Connections, not qualifications
I retired in August as legal assistant to the Pasco Sheriff's Office general counsel. I retired in good standing, having worked for three different sheriffs and many different attorneys. Thankfully, I was not included in the process to choose my replacement because I was appalled at the antics involved in making the decision.
The job description for the position was changed so that an applicant could qualify even though they did not have any advanced secretarial skills or legal experience. It was only when I saw who they hired that the motive for the changes became clear. The job description was dumbed down so the political crony could qualify for the job.
A bachelor's degree in liberal arts does not make someone a legal assistant or an experienced secretary, but being personally referred by Sen. Mike Fasano apparently does. Several experienced legal secretaries applied, but the fix was in, so they choose the one with no advanced secretarial skills or legal experience. A current Sheriff's Office employee with legal experience and a degree put in a transfer request, but she was never seriously considered. Perhaps this was because, to quote the Sheriff's Office attorney, Jeremiah Hawkes, "she would be politically beneficial to the sheriff." This statement was made to me in the presence of others.
In essence, coming from the Fasano/Rubio connection guarantees you a job at the Pasco Sheriff's Office even if you do not have the proper qualifications. If you aren't qualified, don't worry. They will change the job description to ensure you get the job. Any wonder why the employees at the Pasco Sheriff's Office feel they can't advance their careers? This is not the first time this has happened, but in my experience this was the most blatant example of why Sheriff's Office employees are considering a union.
It will be interesting to see how they'll spin this, but they will never change my opinion, I was there and I know the truth!
Carol A. Lentz, New Port Richey
Cut government and save money | Sept. 27 letter
County workers must struggle, too
This small-mined arrogant person should get her facts straight. Many county employees have lost their jobs and others have taken pay cuts just to keep jobs. Many county workers are paid much less than any of the surrounding counties.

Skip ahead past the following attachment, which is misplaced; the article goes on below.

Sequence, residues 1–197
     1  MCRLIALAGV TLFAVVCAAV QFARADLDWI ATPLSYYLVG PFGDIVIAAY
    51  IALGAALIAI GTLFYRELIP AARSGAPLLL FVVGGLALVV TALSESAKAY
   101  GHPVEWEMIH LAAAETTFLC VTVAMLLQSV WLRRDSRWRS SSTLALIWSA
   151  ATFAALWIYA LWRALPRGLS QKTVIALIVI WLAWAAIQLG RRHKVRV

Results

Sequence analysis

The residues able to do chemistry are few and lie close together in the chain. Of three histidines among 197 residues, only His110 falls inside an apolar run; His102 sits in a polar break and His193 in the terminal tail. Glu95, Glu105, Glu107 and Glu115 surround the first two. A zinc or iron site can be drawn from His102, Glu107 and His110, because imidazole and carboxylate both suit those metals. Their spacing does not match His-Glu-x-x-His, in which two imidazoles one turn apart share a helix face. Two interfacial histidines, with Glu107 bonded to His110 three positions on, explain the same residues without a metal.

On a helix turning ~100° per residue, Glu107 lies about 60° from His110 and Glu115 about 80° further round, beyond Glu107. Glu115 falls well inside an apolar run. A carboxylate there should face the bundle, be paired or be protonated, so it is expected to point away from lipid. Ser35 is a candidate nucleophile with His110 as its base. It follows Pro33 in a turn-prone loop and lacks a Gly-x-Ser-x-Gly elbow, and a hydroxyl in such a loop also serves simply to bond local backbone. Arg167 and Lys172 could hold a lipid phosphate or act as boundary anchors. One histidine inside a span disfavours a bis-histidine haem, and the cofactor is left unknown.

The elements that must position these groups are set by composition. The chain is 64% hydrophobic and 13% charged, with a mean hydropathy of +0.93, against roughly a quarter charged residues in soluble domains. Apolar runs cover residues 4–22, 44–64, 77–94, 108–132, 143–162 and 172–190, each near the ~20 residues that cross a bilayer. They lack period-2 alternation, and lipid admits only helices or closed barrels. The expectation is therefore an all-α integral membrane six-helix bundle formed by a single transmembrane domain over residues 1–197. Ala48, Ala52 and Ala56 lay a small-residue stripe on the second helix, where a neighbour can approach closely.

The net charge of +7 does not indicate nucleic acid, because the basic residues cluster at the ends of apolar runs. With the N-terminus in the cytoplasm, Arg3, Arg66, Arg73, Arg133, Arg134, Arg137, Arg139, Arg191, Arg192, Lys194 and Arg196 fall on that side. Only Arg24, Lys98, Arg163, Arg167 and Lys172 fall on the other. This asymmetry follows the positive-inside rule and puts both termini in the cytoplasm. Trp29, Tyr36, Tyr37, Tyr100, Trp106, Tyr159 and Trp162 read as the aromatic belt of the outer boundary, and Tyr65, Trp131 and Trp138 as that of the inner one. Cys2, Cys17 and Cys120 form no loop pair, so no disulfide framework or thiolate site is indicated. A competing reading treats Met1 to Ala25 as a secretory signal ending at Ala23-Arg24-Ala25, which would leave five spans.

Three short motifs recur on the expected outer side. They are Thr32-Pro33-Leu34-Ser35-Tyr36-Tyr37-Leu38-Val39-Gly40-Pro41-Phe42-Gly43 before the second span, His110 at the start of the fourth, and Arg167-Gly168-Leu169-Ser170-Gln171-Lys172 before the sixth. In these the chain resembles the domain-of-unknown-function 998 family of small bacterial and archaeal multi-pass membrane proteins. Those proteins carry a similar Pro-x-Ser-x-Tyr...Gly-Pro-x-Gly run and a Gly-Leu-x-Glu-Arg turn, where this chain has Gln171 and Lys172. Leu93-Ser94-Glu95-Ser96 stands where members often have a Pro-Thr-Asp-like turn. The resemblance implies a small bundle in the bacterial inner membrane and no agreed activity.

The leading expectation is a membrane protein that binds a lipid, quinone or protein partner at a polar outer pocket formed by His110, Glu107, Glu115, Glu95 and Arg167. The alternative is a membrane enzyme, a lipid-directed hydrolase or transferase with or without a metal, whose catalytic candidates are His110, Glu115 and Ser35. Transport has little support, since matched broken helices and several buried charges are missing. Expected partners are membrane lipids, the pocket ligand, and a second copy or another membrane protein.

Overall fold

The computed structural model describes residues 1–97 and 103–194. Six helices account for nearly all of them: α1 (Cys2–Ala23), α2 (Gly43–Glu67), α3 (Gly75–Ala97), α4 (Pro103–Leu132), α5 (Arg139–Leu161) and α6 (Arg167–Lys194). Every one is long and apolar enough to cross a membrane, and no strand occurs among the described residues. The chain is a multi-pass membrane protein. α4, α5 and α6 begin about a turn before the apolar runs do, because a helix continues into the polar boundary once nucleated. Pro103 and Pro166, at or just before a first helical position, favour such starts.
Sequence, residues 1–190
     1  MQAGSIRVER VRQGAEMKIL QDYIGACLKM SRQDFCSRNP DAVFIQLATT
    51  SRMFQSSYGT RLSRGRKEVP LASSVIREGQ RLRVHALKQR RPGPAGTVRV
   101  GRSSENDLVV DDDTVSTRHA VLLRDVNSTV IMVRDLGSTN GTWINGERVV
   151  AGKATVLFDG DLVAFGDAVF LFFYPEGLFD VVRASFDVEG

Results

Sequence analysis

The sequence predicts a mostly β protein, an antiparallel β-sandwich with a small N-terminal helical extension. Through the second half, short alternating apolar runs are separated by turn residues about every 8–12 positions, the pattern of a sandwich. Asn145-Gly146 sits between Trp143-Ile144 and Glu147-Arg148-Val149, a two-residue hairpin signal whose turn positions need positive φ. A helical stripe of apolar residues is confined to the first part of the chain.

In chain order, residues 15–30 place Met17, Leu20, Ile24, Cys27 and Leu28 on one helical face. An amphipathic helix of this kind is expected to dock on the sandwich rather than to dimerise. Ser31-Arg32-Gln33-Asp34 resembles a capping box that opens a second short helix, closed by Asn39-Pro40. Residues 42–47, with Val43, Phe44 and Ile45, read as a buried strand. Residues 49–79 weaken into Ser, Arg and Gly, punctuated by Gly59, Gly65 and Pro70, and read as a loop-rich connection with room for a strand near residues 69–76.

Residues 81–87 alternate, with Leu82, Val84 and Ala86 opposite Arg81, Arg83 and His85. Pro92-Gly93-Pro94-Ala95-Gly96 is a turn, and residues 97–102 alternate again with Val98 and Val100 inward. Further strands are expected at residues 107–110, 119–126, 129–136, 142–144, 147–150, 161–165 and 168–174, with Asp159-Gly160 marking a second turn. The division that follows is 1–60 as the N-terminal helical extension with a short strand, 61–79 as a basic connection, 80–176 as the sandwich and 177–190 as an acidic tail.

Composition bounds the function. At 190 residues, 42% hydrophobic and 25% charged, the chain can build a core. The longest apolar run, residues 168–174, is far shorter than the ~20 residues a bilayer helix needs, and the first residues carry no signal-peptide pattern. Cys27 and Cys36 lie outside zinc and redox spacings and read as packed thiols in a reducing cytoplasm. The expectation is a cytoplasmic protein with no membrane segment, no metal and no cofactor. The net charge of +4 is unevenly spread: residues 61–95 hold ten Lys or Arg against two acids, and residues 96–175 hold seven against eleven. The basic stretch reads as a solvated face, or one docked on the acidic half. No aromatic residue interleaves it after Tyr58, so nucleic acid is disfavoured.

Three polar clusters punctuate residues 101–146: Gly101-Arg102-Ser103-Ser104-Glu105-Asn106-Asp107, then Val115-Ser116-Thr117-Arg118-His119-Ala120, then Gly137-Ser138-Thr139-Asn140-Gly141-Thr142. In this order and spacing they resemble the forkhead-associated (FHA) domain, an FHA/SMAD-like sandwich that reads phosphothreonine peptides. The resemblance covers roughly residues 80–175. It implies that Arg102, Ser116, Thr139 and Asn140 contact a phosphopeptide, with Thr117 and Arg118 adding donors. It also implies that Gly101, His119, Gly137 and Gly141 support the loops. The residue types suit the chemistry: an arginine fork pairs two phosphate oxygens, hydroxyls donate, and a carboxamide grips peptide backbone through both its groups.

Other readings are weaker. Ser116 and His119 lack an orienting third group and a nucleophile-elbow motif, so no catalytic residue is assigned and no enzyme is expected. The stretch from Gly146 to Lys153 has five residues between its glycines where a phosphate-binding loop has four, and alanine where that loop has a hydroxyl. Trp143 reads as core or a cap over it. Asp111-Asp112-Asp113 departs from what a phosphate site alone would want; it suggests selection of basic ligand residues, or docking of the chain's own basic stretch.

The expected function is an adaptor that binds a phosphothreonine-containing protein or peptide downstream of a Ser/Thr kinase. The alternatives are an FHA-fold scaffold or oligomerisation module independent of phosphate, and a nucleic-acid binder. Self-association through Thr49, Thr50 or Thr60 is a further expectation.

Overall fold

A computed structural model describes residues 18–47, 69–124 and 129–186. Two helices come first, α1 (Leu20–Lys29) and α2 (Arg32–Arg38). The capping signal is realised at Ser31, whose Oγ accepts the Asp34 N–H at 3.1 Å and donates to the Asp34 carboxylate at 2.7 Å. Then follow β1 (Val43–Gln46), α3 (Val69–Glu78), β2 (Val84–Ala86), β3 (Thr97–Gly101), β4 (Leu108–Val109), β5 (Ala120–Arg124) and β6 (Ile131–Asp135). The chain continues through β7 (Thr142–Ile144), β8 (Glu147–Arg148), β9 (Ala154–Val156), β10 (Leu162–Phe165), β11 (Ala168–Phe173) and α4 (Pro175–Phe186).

Did you know Pasco County employees have not had a pay increase in two years? Yet the cost of living and health insurance still went up both years.
If you go to the Government Center, you will not see fancy cars and no one in this county flies for free. We do not live in big, fine homes like you think and if we do, we pay for it, not you.
County employees are like everyone else. We have car payments, mortgages, bills and other expenses and yes, we do pay taxes, like you.
We are no different than any other resident in Pasco County just because we work for the county government. The writer asked, do we really need them all? Yes, we do need them all.
E.M. Fredericks, Port Richey
Seniors need help with finances
Every week it seems the local power company seeks more rate increases from the public. Nobody gives a darn about the long-suffering plight of seniors' ever-dwindling income from retirement savings.
Nobody cares about seniors in this state. It is flooded with con artists who are cheating the gullible citizens. Nobody in government seems able or willing to go after these vultures except Sen. Mike Fasano.
Where are all the other supposed guardians of the senior citizens? Our retirement allotments are rapidly being depleted by the ever-present greedy corporations and their CEOs. They are wrecking our country with their never-ending greed.
Art Sicard, Port Richey
Residents don't want assessment
Pasco County commissioners are trying to push a paving assessment down the throats of homeowners on two streets in the Lake Padgett East subdivision, Land O' Lakes. This assessment has been voted down three times in the last several years by homeowners. Now it seems that we have no say so in the matter.
We were informed by certified mail of the proposed paving assessment PVAS 3043 that, if approved, would cost each one of us $3,664.44 and we have no vote in the matter. There is a workshop on Oct. 13 in Dade City to discuss this, and then a commission meeting at 1:30 p.m. Nov. 3 when the working people here will find it hard to attend a public hearing.
We are in the process of contacting all of the commissioners asking for a no vote on this project. One of our questions is why the county, a couple of years ago, put what they called a long patch that measured over a half-mile along Forest View Drive and did not assess anyone.
Now, both of our streets that border Forest View are only one-tenth of a mile or shorter, with 13 homes on one street and no homes on the other.
We feel the cost of $3,664.44 each is very unjust and unfair and we are being singled out because we defeated the county's last three tries to assess a paving deal on us. We feel this would put a financial burden on everyone due to the extreme bad economy and property values that have declined.
One inquiry we received back from one commissioner was: They did not know why the long patch was done, and also the price of asphalt was going down. Now, that is a great answer.
David K. Johnson, Land O'Lakes